Hope for Love

The surprising realization that made award-winning actress Andie MacDowell feel complete.

By Andie MacDowell

As appeared in

It was a gorgeous summer day in the North Carolina mountain town I call home, perfect for wandering around the All Souls Church craft fair with my dog Leila.

My 100-pound Anatolian shepherd was my companion on my walks, and she didn’t seem to mind that I was meandering from booth to booth, looking at handmade jewelry here, braided rugs there.

Not that what I was truly seeking could be found at a craft fair.

What I yearned for was a happy family, the kind of family I never had growing up, with a deeply-in-love couple and their children. For a while I thought I’d found my dream-come-true with my husband Paul and the three beautiful children we had together. Then our marriage fell apart, and I fell apart too.

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I was devastated by our divorce. I couldn’t eat. I couldn’t sleep. I couldn’t even pray. I was so des­perate to recapture my romantic ideal of a family that I rushed into a second marriage to a childhood friend without taking the time to really get to know the man he had become. That marriage didn’t work out either.

Here I was at 48, alone again, not any closer to my dream of a family than I had been when my parents divorced. I was six years old then, and back in the day people didn’t think to get kids coun­seling to help them deal with those kinds of family issues. You were just supposed to deal with it. I remember my mom and dad signed some papers and then my dad packed up and left. I never cried over my parents’ divorce. I was trying to be brave and strong.

That was in part because even at such a young age, I knew my mom was fragile. She adored me and I adored her, but she was an alcoholic and wasn’t really able to take care of me or my sister, Beverly, who was 18 months older.

My dad remarried when I was in fourth grade, and Beverly and I went to live with him and his new wife. I thought everything was going fine until one day a year and a half later when my dad picked us up from school. Our suitcases were in the back. “I’m taking you back to your mother,” he said. “This isn’t working out.”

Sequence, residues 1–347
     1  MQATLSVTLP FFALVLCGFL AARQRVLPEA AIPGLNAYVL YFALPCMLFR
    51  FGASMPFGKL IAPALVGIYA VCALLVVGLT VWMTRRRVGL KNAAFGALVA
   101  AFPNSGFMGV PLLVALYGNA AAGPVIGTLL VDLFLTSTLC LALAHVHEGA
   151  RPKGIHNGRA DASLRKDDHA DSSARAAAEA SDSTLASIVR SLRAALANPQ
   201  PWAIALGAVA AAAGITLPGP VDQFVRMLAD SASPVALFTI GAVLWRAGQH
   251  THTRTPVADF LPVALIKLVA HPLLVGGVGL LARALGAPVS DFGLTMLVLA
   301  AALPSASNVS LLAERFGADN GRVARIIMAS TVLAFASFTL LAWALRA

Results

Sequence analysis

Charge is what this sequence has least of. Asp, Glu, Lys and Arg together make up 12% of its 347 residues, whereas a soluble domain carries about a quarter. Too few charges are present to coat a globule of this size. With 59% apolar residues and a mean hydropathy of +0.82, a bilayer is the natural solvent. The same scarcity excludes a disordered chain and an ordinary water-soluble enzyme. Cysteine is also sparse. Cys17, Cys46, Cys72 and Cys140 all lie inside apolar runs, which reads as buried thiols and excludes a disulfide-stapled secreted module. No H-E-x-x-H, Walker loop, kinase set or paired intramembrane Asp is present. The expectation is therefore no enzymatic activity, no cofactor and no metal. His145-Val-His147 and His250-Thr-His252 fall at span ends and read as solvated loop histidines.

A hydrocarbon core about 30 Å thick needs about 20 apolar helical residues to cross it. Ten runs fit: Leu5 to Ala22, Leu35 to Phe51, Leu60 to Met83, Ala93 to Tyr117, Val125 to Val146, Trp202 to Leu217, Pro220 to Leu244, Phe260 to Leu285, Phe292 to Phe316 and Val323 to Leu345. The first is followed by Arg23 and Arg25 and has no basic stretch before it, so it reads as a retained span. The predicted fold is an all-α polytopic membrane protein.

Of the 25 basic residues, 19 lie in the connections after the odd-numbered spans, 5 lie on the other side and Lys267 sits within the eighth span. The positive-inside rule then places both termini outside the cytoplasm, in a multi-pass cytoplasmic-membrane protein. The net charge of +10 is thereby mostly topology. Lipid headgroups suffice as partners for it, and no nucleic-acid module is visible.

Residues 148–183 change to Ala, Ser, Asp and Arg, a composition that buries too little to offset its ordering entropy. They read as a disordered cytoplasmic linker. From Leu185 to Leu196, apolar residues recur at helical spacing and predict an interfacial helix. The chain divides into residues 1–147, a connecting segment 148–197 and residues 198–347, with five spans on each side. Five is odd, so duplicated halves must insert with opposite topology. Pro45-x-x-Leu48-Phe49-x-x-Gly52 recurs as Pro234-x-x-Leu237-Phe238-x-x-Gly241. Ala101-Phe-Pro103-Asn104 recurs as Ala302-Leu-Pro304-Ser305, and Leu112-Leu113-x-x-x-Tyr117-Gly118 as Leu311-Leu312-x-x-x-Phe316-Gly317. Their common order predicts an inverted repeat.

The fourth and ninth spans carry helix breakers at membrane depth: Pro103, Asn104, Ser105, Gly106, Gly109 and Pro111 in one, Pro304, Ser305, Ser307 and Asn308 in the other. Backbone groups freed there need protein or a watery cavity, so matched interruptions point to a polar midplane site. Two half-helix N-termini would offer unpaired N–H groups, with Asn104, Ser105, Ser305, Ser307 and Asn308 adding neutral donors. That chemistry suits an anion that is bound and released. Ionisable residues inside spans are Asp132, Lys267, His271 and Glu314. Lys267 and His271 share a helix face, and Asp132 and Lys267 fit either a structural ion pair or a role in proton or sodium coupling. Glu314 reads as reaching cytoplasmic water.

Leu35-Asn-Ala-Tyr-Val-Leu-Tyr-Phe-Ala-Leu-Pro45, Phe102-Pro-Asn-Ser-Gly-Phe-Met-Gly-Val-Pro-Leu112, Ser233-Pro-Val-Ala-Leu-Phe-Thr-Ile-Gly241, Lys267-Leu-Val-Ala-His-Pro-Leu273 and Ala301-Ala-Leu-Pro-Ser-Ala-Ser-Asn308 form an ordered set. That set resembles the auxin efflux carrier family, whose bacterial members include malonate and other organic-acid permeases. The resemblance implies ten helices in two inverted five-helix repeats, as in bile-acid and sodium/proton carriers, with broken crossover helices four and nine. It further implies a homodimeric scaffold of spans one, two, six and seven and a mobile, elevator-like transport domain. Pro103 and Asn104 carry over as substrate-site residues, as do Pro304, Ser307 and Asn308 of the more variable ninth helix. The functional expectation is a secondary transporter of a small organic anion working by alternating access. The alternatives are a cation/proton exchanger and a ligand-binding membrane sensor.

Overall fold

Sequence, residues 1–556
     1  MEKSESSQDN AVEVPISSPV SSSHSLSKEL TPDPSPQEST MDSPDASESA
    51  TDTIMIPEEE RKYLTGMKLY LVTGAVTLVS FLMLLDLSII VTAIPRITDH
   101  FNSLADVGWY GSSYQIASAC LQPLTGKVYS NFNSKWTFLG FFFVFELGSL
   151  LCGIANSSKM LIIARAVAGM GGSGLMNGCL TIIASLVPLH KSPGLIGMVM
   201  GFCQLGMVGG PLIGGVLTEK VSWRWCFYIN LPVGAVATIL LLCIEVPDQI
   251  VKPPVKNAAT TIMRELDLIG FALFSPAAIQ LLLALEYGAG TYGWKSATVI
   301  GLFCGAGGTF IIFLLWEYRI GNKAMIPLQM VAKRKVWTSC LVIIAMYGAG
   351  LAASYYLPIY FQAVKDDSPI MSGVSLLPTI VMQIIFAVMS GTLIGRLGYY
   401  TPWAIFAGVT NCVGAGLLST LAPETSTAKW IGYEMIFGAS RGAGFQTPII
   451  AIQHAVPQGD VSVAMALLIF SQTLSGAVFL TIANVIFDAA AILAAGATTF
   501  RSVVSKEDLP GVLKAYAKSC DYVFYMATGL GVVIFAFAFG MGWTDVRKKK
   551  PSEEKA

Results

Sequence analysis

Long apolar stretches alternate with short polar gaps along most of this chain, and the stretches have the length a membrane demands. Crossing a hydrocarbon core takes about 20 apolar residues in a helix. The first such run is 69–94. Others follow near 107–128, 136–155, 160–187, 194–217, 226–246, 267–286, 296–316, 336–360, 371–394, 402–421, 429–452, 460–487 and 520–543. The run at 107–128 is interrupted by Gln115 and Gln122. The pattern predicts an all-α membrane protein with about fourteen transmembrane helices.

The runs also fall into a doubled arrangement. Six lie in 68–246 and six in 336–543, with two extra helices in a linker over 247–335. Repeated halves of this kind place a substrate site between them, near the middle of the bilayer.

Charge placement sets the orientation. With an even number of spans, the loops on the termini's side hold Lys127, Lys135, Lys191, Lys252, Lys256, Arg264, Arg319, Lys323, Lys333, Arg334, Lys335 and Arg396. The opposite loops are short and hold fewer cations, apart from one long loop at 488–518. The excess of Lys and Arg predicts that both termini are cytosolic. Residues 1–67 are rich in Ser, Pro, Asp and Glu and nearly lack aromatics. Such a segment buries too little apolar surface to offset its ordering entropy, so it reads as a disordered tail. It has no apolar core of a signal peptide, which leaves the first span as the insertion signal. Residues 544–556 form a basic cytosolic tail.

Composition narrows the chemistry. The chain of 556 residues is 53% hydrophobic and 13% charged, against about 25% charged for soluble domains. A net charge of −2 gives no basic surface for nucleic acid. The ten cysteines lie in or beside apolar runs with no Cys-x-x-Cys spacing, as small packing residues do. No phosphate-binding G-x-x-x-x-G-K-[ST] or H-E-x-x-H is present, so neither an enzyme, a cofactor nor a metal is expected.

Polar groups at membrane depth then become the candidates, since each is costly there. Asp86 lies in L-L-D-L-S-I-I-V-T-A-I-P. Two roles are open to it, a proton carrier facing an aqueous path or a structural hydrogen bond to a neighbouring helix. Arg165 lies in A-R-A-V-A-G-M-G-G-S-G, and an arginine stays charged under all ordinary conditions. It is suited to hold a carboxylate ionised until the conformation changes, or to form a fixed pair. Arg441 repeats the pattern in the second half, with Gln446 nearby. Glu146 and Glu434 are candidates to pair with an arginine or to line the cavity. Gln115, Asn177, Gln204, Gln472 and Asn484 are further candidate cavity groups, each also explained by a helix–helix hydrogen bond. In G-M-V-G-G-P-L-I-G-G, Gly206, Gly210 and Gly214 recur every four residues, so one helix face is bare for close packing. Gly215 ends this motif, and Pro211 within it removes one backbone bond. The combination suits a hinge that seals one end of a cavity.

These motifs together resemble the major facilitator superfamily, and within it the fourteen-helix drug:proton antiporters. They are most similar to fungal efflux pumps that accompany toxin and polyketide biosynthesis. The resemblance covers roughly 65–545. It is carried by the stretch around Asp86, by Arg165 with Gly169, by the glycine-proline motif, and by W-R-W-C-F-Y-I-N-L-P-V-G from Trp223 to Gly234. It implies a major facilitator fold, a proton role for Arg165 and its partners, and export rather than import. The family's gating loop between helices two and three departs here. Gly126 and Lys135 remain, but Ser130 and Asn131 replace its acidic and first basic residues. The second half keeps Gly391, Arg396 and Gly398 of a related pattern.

He didn’t give us any further explanations and I didn’t dare ask for one. Now as a parent myself, I see that he must have had his reasons, reasons that had a lot more to do with him than with us—he’d just had a baby with my stepmom and maybe he couldn’t handle raising us girls along with an infant. I understand that no family is perfect and I love my father.

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But as a child, I felt utterly rejected. I was emotionally shattered. All I could think was, What had I done wrong? Why wasn’t I good enough to stay with my dad and his new family? Why wasn’t I good enough to be loved?

Someday I’m going to have a real family, I promised myself. And I’ll love them and they’ll love me…no matter what. The way my mom loved me, except without the drinking to get in the way.

We grew even closer after I went to live with her again, but her alcoholism meant that the mother-daughter roles were often reversed. I took care of her. I watched her struggle to hold on to jobs. If she was having a bad day, I’d stand there and rub her shoulders and try to make her feel better, thinking that the better I made her feel the less she would drink.

As soon as I was old enough to work, I got a part-time job at McDonald’s. I was able to help out with the expenses, but more than anything, it gave me a sense of structure that was lacking in my home.

Was it any wonder that when Paul and I married and started our family, I tried my best to give our children the stable, loving home life I never had? My career as a model and actress took me to New York and Los Angeles, but Paul and I raised our son and two daughters in small towns, first in Montana, then here in North Carolina, where my sister lives with her kids, who are the same age as mine, and not everybody is involved in (or even talks about) the entertainment business.